Some Reflections on Teaching and (Un)Learning

            I began working with my mentor, Gretchen Bender, this past spring as a research assistant in the development of the class for which I am now a teaching assistant, HAA 1025: Museums: Society and Inclusion?. As we worked to refine the course, we had no idea that it would be taught remotely in a very different format than we imagined. I worked with Professor Bender at the end of last semester to develop a project that would help make this transition from in-person to virtual engagement a bit easier for students. I was particularly interested in the modules that I had helped develop on the topic of public space and citizenship in the museum, and I wanted to continue working through this material with students. This teaching fellowship gave me the opportunity to follow the course from development to implementation. Based on my own experience, I would advise other students to look to work they might already be doing with faculty and imagine how existing work might transform into a teaching opportunity.

            As a teaching fellow, it feels like I take up a liminal space between the role of a student and the role of an instructor. At the beginning of the semester, I had apprehensions about existing in this undefined middle ground, but it has actually been a great asset in working with students. I help lead discussion, but because I am not officially a faculty member, students often feel more open in sharing their own difficulties with the course.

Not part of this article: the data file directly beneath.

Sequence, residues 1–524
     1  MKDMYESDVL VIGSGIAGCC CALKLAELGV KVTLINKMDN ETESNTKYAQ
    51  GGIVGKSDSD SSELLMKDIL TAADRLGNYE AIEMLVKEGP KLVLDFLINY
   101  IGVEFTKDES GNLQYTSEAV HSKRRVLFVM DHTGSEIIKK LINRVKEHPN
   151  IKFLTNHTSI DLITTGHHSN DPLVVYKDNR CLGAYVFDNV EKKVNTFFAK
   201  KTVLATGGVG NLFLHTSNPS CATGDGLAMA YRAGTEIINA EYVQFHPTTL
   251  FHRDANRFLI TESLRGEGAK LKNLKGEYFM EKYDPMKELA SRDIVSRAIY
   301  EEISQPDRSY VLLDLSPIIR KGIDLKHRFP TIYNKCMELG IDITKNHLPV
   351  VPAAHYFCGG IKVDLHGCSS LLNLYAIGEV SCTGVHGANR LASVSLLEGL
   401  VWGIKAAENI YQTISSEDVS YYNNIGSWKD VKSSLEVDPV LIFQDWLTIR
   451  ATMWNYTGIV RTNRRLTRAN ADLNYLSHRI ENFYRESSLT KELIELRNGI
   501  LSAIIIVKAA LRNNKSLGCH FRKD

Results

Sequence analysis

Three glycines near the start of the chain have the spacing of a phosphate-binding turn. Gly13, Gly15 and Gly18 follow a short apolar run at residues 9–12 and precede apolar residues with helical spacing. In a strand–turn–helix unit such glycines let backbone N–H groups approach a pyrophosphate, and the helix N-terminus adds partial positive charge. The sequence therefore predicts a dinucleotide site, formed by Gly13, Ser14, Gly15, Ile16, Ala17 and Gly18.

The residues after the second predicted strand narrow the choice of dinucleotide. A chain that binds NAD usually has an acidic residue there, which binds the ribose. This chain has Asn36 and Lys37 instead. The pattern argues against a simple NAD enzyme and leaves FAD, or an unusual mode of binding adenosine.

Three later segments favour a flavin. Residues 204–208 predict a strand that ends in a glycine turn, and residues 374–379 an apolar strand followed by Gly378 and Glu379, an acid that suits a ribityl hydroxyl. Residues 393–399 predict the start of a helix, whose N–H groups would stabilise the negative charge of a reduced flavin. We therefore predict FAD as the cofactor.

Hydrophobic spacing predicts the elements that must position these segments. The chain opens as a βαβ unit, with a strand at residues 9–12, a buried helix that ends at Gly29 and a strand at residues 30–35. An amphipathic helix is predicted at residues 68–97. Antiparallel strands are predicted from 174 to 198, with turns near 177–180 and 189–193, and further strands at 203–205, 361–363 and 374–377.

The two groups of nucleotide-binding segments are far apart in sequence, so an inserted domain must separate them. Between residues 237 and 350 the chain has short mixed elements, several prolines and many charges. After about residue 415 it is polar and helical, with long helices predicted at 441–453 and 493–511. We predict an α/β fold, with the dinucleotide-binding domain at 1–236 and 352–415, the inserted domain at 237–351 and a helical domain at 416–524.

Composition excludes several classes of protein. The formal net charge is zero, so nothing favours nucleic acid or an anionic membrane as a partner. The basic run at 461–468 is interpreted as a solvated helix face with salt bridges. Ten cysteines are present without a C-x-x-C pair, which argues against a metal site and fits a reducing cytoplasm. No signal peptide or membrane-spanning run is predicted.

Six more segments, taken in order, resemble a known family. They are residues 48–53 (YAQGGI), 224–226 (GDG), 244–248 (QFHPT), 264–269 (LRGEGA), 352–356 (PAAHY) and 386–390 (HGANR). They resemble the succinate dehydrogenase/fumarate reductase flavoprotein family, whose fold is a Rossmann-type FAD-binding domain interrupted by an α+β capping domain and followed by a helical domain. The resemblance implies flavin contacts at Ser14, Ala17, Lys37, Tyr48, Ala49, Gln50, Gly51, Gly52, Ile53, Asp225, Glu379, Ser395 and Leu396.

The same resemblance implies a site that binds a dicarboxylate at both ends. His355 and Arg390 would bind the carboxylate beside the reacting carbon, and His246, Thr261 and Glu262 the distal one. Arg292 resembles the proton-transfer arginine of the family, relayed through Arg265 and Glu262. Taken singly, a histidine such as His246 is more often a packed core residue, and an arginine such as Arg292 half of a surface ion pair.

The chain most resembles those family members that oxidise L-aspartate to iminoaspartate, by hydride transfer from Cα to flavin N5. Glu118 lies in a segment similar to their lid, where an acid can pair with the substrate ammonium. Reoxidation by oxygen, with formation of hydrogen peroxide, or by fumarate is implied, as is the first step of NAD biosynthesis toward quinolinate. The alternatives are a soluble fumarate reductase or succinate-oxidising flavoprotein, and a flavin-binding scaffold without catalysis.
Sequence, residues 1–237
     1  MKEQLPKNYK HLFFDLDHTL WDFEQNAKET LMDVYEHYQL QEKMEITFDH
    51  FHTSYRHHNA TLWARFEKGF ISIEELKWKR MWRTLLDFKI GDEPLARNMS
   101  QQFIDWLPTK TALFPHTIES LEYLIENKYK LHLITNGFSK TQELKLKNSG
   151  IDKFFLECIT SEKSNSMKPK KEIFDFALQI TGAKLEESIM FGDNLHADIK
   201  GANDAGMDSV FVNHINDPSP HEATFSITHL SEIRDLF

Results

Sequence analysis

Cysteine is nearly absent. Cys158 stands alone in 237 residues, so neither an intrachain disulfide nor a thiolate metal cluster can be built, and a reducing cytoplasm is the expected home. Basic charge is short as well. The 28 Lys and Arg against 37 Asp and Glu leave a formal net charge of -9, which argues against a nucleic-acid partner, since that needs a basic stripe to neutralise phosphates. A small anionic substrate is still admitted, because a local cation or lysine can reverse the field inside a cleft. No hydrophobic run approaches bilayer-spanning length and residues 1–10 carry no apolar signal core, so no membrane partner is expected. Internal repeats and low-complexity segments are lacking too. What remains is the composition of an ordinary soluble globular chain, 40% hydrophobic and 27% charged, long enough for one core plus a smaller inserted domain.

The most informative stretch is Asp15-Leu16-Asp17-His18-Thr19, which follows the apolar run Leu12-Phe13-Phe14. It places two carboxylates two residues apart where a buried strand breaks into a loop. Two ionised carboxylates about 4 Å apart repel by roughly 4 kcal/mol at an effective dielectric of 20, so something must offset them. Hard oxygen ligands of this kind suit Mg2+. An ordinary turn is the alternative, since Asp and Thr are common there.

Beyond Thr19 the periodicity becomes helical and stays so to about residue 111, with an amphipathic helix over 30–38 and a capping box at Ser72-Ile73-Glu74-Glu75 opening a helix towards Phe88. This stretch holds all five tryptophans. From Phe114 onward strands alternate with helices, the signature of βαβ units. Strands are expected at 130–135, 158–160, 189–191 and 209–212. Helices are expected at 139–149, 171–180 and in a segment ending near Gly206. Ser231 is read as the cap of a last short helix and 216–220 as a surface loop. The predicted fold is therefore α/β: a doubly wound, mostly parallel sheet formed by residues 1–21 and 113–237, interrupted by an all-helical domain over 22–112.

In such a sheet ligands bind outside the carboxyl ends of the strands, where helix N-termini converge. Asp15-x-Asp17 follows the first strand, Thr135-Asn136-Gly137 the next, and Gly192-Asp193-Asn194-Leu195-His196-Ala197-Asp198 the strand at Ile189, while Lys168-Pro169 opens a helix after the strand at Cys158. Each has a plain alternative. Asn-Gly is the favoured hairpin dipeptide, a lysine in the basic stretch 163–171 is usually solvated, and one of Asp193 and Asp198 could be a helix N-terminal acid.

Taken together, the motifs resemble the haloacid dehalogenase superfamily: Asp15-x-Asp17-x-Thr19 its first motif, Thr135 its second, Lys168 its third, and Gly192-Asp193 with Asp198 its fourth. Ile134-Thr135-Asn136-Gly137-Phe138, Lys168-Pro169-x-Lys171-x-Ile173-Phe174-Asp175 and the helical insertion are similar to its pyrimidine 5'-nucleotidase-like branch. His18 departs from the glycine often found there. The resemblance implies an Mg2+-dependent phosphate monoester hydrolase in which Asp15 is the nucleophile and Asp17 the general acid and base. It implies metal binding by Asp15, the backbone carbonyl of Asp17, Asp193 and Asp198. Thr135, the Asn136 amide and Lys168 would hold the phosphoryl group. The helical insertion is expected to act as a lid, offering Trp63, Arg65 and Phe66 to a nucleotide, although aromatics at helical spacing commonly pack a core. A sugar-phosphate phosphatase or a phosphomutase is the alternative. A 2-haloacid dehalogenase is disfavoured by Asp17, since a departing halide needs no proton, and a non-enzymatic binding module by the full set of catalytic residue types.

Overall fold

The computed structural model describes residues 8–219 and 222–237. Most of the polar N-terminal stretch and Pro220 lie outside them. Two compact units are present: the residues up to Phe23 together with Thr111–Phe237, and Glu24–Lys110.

For someone who wants to learn more about teaching but might not know where to start, I would suggest thinking about your own experience as a student. Especially during this new kind of semester, as someone in a teaching role, I’ve been looking a lot to the students in my course to see what they want our time together to look like. It’s also been really eye-opening to work through (and leave behind) normative patterns of teaching that have been employed in the past. For example, is it really necessary for students to deep-read every single reading posted to Canvas each week? What kinds of labor are productive for both instructors and for students? There are other ways to engage with course material than just producing a piece of writing. This semester, the primary way that I’ve learned about teaching has been through interacting with students and questioning academic and pedagogical norms.

A screenshot of the street view of the British Museum in London, available through Google Arts and Culture. In recent weeks, we’ve discussed the benefits and challenges of virtual museum experiences such as this.

Leave a Reply